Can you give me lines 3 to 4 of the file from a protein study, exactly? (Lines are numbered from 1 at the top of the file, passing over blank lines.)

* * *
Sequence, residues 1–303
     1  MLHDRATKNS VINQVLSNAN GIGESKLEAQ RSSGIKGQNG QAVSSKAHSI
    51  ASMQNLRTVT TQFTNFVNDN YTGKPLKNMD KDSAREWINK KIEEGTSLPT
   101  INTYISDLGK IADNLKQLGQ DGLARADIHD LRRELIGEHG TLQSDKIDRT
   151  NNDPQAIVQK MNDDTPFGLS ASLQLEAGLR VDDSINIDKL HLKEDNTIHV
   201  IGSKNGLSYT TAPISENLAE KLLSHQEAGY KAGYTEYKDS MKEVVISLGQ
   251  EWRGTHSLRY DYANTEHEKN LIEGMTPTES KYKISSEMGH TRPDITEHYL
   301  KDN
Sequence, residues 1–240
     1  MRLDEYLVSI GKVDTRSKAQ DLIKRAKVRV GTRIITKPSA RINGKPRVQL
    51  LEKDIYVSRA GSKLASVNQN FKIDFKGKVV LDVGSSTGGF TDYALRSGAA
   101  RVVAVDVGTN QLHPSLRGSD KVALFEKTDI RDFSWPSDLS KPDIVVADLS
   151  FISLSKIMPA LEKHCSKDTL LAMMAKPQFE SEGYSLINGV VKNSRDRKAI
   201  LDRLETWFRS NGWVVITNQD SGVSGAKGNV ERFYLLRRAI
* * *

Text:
    51  ASMQNLRTVT TQFTNFVNDN YTGKPLKNMD KDSAREWINK KIEEGTSLPT
   101  INTYISDLGK IADNLKQLGQ DGLARADIHD LRRELIGEHG TLQSDKIDRT